7 -7- In the event that a dispute resolution proceeding through FSCO is commenced without compliance with Rule 10.3, Rule 10.5 of the DRPC provides a (temporary) remedy. The Rule states that where an adjudicator is not satisfied that a party has the mental capacity to proceed in the dispute resolution process and there is no attorney or person as described above, the adjudicator may appoint a spouse, same-sex partner or near relative of the party to act on the party s behalf, provided that the adjudicator believes that the individual is suitable, willing and able to proceed in the dispute resolution process and to receive and administer accident benefits on behalf of the person exhibiting 3 mental difficulty. The Rule also provides that the adjudicator may place such conditions or restrictions on appointments pursuant to this section as the adjudicator considers reasonable and necessary to protect the interests of the person exhibiting mental difficulty, the other parties to the proceeding and 4 the dispute resolution process. The finding of mentally incapacity by an adjudicator pursuant to the DRPC is much less onerous than an application for the appointment of a litigation guardian under the Rules. This principle was 5 established in Sukree Jagdeo and Royal & Sunalliance Insurance Company of Canada Ibid. Ibid. (FSCO A , August 26, 2002) (hereinafter referred to as Jagdeo ).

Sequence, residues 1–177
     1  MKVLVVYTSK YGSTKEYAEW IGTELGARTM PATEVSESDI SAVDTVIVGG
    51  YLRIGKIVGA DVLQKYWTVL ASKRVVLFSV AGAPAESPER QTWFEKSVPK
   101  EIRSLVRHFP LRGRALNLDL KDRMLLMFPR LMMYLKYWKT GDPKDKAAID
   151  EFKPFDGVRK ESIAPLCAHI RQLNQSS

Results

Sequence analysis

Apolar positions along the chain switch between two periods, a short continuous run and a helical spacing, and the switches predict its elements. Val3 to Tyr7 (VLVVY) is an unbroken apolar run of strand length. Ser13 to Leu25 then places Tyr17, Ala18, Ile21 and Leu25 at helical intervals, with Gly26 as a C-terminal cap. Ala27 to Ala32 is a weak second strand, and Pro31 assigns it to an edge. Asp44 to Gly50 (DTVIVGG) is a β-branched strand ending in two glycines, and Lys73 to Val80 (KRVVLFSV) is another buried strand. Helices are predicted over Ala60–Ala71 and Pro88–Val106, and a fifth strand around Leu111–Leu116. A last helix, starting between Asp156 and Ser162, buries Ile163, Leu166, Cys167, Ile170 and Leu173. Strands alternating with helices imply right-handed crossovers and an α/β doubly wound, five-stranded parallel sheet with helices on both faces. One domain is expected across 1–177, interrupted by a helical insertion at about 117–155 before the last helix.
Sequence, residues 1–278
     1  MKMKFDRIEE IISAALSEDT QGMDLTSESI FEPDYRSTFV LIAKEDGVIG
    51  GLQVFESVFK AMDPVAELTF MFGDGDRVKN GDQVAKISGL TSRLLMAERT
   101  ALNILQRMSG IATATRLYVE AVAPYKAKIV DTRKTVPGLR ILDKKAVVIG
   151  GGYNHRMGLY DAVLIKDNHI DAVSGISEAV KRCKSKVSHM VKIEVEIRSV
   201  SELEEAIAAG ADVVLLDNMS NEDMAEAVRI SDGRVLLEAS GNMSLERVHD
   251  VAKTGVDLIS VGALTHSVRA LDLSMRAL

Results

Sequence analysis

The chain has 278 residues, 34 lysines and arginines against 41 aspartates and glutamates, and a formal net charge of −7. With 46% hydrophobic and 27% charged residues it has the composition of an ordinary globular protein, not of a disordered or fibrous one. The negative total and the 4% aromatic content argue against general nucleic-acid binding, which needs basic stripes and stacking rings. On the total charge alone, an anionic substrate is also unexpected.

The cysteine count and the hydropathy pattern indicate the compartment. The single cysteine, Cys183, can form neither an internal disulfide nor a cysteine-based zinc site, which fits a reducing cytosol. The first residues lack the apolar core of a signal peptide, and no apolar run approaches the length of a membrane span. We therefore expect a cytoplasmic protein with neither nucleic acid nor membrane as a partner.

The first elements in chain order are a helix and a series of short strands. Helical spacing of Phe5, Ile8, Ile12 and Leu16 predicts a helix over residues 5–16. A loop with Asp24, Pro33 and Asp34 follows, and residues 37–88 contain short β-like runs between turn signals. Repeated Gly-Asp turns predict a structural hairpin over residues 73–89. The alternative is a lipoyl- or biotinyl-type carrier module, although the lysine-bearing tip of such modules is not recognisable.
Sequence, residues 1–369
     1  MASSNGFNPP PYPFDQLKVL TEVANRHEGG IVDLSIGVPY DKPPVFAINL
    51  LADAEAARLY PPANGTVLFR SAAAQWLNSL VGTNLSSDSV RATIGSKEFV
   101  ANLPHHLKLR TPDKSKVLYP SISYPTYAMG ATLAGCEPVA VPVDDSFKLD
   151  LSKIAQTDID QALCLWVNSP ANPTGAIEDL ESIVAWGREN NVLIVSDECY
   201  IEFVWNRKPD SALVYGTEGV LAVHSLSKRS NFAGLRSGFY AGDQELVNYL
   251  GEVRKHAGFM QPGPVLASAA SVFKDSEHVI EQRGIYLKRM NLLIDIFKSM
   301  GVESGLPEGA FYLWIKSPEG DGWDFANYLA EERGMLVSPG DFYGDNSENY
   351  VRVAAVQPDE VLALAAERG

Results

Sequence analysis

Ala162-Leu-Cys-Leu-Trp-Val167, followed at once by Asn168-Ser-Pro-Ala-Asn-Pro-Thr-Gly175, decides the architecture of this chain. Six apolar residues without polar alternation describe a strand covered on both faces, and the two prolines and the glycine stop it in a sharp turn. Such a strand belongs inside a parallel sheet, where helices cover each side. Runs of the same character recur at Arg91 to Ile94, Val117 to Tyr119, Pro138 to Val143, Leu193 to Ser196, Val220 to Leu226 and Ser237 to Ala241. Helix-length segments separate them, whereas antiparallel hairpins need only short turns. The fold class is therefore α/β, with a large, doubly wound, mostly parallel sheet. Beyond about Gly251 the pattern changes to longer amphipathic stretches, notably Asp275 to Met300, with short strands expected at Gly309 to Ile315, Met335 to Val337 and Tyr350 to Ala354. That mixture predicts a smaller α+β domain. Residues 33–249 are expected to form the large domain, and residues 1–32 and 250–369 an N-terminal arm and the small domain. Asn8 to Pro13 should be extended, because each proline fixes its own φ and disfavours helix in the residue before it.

8 -8- In Jagdeo, the Applicant s father had brought an application to the Ontario Superior Court of Justice for a declaration that his father was mentally incapable of managing his property and to appoint the Applicant as guardian of his father s property. The application was rejected. When the matter came before FSCO, Arbitrator Miller held that she had jurisdiction to deal with the issue as to whether Mr. Jagdeo s father had the mental capacity to proceed in the dispute resolution process and to appoint Mr. Jagdeo to represent him in this process if she determined that he did not have capacity. In making this determination, Arbitrator Miller stated that an application to the Ontario Superior Court of Justice under the SDA is significantly different than the application under Rule 10 of the DRPC. Arbitrator Miller held that a finding of mental capacity pursuant to Rule 10.3(a) of the DRPC relates only to the narrow issue of whether or not a party has the mental capacity to participate in the dispute resolution process; by contrast, an application under the SDA deals with the broader issue of declaring that a person lacks the mental capacity to manage his/her property and to appoint 6 a guardian to manage same. Arbitrator Miller further stated that the powers granted to a person appointed to act for a mentally incapable individual under the DRPC are different to those granted to a guardian appointed pursuant to the SDA.. Arbitrator Miller held that the powers of a person appointed under the DRPC are narrower, limited to allowing the appointed person to receive and administer accident benefits and to participate in the dispute resolution process. 6 Ibid.